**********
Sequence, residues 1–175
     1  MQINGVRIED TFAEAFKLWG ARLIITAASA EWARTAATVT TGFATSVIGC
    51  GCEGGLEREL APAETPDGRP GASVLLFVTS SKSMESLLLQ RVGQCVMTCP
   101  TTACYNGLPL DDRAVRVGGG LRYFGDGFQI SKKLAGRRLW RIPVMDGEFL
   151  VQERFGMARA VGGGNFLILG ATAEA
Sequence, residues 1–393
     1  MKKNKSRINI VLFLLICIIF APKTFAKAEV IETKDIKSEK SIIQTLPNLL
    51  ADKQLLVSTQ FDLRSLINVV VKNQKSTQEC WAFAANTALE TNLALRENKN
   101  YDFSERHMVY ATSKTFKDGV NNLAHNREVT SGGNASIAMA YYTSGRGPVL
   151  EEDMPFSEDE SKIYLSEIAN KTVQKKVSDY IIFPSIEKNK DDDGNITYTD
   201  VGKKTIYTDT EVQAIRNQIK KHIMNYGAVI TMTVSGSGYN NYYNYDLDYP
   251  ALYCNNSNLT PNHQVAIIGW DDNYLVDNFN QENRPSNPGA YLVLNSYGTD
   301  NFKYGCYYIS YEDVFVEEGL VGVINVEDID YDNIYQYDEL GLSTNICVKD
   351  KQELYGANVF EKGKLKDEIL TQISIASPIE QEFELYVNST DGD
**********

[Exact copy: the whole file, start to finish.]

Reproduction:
Sequence, residues 1–175
     1  MQINGVRIED TFAEAFKLWG ARLIITAASA EWARTAATVT TGFATSVIGC
    51  GCEGGLEREL APAETPDGRP GASVLLFVTS SKSMESLLLQ RVGQCVMTCP
   101  TTACYNGLPL DDRAVRVGGG LRYFGDGFQI SKKLAGRRLW RIPVMDGEFL
   151  VQERFGMARA VGGGNFLILG ATAEA
Sequence, residues 1–393
     1  MKKNKSRINI VLFLLICIIF APKTFAKAEV IETKDIKSEK SIIQTLPNLL
    51  ADKQLLVSTQ FDLRSLINVV VKNQKSTQEC WAFAANTALE TNLALRENKN
   101  YDFSERHMVY ATSKTFKDGV NNLAHNREVT SGGNASIAMA YYTSGRGPVL
   151  EEDMPFSEDE SKIYLSEIAN KTVQKKVSDY IIFPSIEKNK DDDGNITYTD
   201  VGKKTIYTDT EVQAIRNQIK KHIMNYGAVI TMTVSGSGYN NYYNYDLDYP
   251  ALYCNNSNLT PNHQVAIIGW DDNYLVDNFN QENRPSNPGA YLVLNSYGTD
   301  NFKYGCYYIS YEDVFVEEGL VGVINVEDID YDNIYQYDEL GLSTNICVKD
   351  KQELYGANVF EKGKLKDEIL TQISIASPIE QEFELYVNST DGD